Slocum worked as a mechanic at local auto and farm shops, and he attended Humboldt State University for a couple of years. Then he found a career niche using a skill he'd honed at Ferndale High School: drumming.
"I spent the next 20 years being a musician," he says. "The farthest I got away [from Humboldt County] was West Texas. I played either rock and country, depending on the band. I was kind of a jack of all trades for music." He still plays today in the classic rock band Taxi.
But the delta remained his home. In 1969 he moved to a house on a ranch adjacent to what was then the delta's main channel. Much later, he moved into his wife Nancy Kaytis-Slocum's house closer to the mouth of the river.
Slocum's guiding career got started by accident.
In 1975, birdwatching had a more limited following in Humboldt County than it does today. But Slocum knew two brothers, originally from the East, who were trying to build enthusiasm for birding here. One was his family physician, Clarence Crane, and the other was, Bill Crane, the high school band teacher who'd helped Slocum learn drumming.
Exploring the delta one day, Slocum noticed some snowy owls patrolling the shores for rodents. He knew the area's winged inhabitants well enough to grasp that these downy white predators were very unusual visitors, and he thought the Cranes would want to see them.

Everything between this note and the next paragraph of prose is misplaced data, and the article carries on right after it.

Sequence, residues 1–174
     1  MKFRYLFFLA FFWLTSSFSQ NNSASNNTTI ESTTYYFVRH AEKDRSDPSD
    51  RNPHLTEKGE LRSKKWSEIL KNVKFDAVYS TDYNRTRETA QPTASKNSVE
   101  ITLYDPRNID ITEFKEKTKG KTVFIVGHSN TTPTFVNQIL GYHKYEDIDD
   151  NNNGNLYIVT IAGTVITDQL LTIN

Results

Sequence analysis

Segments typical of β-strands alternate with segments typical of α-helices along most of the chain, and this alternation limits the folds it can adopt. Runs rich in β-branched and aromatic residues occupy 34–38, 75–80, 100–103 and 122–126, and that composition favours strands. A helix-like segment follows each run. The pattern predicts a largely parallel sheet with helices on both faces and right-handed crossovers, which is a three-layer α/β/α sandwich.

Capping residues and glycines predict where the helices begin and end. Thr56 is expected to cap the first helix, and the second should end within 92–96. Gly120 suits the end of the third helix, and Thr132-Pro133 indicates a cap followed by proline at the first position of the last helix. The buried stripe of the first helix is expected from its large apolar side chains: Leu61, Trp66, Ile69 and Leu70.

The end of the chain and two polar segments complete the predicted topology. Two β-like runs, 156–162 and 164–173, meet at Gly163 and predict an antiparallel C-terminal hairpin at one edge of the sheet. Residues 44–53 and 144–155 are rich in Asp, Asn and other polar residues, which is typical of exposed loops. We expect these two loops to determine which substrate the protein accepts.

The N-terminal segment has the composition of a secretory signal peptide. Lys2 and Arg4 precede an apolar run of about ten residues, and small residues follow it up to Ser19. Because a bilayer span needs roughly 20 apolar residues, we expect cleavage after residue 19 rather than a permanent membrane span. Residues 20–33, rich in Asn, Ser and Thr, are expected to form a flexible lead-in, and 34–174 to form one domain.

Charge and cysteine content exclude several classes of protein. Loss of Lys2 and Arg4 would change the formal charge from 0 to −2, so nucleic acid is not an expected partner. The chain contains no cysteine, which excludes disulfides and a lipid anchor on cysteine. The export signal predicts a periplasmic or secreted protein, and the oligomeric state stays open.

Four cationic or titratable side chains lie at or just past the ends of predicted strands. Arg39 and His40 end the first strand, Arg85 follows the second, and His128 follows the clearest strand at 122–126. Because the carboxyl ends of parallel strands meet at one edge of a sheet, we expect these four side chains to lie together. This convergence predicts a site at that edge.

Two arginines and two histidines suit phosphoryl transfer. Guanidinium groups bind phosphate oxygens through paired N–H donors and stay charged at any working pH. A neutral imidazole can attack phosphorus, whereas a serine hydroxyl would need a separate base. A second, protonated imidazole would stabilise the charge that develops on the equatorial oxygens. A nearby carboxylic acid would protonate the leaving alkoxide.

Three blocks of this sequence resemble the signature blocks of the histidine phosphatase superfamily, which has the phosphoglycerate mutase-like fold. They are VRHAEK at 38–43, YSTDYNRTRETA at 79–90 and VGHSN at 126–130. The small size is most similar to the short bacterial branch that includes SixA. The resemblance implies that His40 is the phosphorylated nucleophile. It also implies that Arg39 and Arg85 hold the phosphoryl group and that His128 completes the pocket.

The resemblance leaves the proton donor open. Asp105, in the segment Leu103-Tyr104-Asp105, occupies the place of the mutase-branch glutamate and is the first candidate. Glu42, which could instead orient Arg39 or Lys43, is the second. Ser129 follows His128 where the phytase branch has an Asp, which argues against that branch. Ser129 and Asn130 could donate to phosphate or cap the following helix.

He invited the brothers out in his boat. They were thrilled, and Slocum's interest in birding was piqued. "They got me to do the [Audubon Society's] Christmas bird count that year," he says.
"Then I just kind of decided that since people liked [touring the delta] so much, maybe they could help me pay for the gas," he says.
Slocum has run his Camp Weott Guide Service ever since, and he has no plans to stop.
But the part-time business is slow at best. (Slocum also has a government day job.) Recently, his tour trade has dropped to a trickle. "This is the slowest year since I started," he said.
"Almost everybody who goes out in the boat thinks it's a wonderful thing out here," says Slocum. "Finding new people who are interested in seeing it has always been a stumbling block for the business."
READING THE WATERY LANDSCAPE
After booking a 1 p.m. tour with Slocum in mid-August -- the hour being coordinated with high tide -- I follow his directions through several miles of dairy farms and cornfields to a small private dock on a piece of the delta known as Morgan Slough.